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  • OFAC sanctions politically connected Lebanese individuals

    Financial Crimes

    On April 4, the U.S. Treasury Department’s Office of Foreign Assets Control (OFAC) announced sanctions, pursuant to Executive Order 13441, against two politically connected Lebanese brothers who engaged in corrupt practices that contributed to the undermining of Lebanon’s democratic process. As a result of the sanctions, “all property and interests in property of the individuals named above, and of any entities that are owned, directly or indirectly, 50 percent or more by them, individually, or with other blocked persons, that are in the United States or in the possession or control of U.S. persons, must be blocked and reported to OFAC.” U.S. persons are generally prohibited from engaging in any dealings involving the property or interests in property of blocked or designated persons.

    Financial Crimes Of Interest to Non-US Persons OFAC Department of Treasury OFAC Sanctions OFAC Designations SDN List Lebanon

  • OFAC sanctions key Hizballah money exchanger

    Financial Crimes

    On January 24, the U.S. Treasury Department’s Office of Foreign Assets Control (OFAC) announced sanctions pursuant to Executive Order 13224 against several individuals and associated entities, including a Lebanese money exchanger and a money service business, for facilitating financial activities for Hizballah. Commenting that Treasury “is taking action against a corrupt money exchanger, whose financial engineering actively supports and enables Hizballah and its interests at the expense of the Lebanese people and economy,” Under Secretary of the Treasury for Terrorism and Financial Intelligence Brian E. Nelson issued a warning that the U.S. is committed to holding persons accountable should they “exploit their privileged positions for personal gain.” The sanctions follow designations imposed last month against several individuals and companies that manage and enable Hizballah’s financial operations throughout Lebanon, including Hizballah’s “quasi-financial institution” and its central finance unit. (Covered by InfoBytes here.) 

    As a result of the sanctions, all property, and interests in property of the designated persons, “and of any entities that are owned, directly or indirectly 50 percent or more by them, individually, or with other blocked persons, that are in the United States or in the possession or control of U.S. persons, must be blocked and reported to OFAC.” OFAC regulations generally prohibit all transactions by U.S. persons or within the United States (including transactions transiting the United States) that involve any property or interests in property of designated persons unless authorized by an OFAC general or specific license. OFAC further cautioned that “engaging in certain transactions with the individuals and entities designated today entails risk of secondary sanctions,” and noted that the designated persons are also subject to the Hizballah Financial Sanctions Regulations. Pursuant to these regulations, “OFAC can prohibit or impose strict conditions on the opening or maintaining in the United States of a correspondent account or a payable-through account by a foreign financial institution that either knowingly conducted or facilitated any significant transaction on behalf of an SDGT or, among other things, knowingly facilitates a significant transaction for Hizballah or certain persons designated for their connection to Hizballah.”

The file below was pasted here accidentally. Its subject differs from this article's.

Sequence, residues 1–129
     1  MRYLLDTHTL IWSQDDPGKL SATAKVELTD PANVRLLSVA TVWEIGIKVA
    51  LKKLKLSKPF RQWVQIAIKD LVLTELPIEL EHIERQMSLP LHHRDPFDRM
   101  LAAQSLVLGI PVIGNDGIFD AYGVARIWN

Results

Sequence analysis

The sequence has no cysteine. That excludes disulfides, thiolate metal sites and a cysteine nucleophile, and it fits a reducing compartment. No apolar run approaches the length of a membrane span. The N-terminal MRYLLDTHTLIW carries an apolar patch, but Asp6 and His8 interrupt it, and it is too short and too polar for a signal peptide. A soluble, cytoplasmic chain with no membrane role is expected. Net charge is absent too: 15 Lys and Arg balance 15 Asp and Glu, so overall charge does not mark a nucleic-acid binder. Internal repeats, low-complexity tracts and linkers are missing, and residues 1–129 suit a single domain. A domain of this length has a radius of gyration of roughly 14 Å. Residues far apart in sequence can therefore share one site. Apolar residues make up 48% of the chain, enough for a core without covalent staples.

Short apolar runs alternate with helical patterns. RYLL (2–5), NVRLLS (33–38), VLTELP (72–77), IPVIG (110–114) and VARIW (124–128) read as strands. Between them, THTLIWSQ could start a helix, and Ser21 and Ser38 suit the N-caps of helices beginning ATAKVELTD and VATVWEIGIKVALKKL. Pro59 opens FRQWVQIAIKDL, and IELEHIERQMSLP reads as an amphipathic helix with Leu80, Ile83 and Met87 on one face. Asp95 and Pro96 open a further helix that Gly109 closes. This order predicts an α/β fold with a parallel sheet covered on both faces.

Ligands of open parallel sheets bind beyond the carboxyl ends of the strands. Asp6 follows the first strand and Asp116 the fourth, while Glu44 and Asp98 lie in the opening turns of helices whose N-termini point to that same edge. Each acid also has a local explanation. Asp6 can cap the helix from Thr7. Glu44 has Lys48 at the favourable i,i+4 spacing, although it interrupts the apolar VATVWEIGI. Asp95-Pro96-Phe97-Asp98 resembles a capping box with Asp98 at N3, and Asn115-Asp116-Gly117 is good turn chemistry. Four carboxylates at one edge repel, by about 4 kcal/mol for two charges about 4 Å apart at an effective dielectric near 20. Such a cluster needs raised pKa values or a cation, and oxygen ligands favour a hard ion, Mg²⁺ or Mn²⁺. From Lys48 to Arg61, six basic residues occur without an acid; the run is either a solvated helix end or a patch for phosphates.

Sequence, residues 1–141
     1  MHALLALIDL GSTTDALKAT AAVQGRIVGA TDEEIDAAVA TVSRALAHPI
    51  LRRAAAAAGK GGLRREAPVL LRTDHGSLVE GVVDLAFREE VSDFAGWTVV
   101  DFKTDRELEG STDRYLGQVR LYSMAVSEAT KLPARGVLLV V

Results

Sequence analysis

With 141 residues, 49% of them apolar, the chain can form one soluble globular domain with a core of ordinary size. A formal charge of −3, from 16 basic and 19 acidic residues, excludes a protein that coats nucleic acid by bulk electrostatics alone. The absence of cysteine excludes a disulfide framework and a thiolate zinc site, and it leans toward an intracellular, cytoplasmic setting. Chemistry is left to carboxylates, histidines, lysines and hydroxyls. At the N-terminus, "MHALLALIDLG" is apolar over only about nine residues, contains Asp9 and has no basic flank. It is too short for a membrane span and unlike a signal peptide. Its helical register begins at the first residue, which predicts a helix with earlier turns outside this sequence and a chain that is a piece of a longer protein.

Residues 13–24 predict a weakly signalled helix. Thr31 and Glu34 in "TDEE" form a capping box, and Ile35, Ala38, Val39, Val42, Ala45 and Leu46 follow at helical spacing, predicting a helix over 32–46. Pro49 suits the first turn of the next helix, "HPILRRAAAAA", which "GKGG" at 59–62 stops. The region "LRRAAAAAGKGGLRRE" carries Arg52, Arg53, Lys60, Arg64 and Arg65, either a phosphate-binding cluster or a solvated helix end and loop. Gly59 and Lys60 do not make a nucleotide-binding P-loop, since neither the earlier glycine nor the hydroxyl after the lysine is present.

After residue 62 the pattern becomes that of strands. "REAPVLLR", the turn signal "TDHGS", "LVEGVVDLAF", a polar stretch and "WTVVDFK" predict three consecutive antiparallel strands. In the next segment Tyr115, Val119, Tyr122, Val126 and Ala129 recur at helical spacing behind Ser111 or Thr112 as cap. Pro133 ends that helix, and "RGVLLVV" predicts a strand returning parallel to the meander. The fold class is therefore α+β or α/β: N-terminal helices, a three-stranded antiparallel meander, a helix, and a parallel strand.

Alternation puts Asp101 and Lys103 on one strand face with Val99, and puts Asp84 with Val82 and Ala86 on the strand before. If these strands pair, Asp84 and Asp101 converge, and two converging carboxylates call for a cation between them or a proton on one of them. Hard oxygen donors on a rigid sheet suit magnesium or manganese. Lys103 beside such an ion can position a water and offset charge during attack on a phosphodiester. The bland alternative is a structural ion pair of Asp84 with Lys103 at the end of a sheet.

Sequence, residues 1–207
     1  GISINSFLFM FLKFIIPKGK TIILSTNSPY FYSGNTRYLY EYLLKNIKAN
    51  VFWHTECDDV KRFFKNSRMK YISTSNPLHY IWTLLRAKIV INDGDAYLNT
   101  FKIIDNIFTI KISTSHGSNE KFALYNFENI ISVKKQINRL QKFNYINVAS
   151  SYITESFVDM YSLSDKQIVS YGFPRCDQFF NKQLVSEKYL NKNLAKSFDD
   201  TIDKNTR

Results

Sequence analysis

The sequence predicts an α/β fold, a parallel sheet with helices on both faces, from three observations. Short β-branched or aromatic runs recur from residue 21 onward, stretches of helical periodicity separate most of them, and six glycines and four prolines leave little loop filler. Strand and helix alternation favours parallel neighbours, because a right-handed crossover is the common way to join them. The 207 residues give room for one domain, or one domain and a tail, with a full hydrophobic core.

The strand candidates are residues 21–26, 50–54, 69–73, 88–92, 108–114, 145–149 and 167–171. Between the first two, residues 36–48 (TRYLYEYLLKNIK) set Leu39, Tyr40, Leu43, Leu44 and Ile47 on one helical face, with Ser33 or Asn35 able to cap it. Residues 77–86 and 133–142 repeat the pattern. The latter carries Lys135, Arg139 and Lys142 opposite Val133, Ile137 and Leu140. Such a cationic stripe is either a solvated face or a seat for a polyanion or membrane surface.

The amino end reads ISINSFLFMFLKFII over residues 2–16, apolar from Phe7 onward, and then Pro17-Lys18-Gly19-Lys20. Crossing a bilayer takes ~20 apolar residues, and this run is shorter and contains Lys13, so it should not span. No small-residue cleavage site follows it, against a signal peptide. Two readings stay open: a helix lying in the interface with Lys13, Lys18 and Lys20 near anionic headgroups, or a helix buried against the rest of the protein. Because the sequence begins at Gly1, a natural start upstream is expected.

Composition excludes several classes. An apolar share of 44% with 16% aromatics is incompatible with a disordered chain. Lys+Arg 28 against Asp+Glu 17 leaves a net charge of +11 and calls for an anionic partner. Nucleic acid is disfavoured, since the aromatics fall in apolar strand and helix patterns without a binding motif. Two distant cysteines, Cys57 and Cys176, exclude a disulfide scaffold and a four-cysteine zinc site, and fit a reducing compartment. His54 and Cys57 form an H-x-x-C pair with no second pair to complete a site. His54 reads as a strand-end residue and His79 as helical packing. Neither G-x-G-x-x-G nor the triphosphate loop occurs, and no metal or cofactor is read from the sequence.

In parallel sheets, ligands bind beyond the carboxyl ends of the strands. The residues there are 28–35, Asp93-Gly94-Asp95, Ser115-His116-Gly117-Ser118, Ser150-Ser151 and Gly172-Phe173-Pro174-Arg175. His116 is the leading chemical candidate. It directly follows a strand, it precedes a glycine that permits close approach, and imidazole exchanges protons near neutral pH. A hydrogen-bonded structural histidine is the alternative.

Financial Crimes Of Interest to Non-US Persons OFAC Department of Treasury OFAC Designations OFAC Sanctions Hizballah SDN List Lebanon

  • OFAC sanctions Hizballah accountants and weapons facilitator

    Financial Crimes

    On December 1, the U.S. Treasury Department’s Office of Foreign Assets Control (OFAC) announced sanctions pursuant to Executive Order 13224 against two individuals and two companies based in Lebanon for providing financial services to Hizballah. OFAC also designated another individual for actively working to procure weapons for Hizballah. According to OFAC, the designations target persons that manage and enable Hizballah’s financial operations throughout Lebanon, including Hizballah’s “quasi-financial institution” and its central finance unit. As a result, all property, and interests in property of the designated persons, “and of any entities that are owned, directly or indirectly, 50 percent or more by one or more blocked persons are also blocked.” OFAC regulations generally prohibit all transactions by U.S. persons or within the United States (including transactions transiting the United States) that involve any property or interests in property of designated persons. OFAC cautioned that “persons that engage in certain transactions with the persons designated today may themselves be exposed to sanctions or subject to an enforcement action.” Additionally, OFAC warned that a foreign financial institution that knowingly conducts or facilitates a significant transaction on behalf of any of the designated persons could be subject to U.S. sanctions.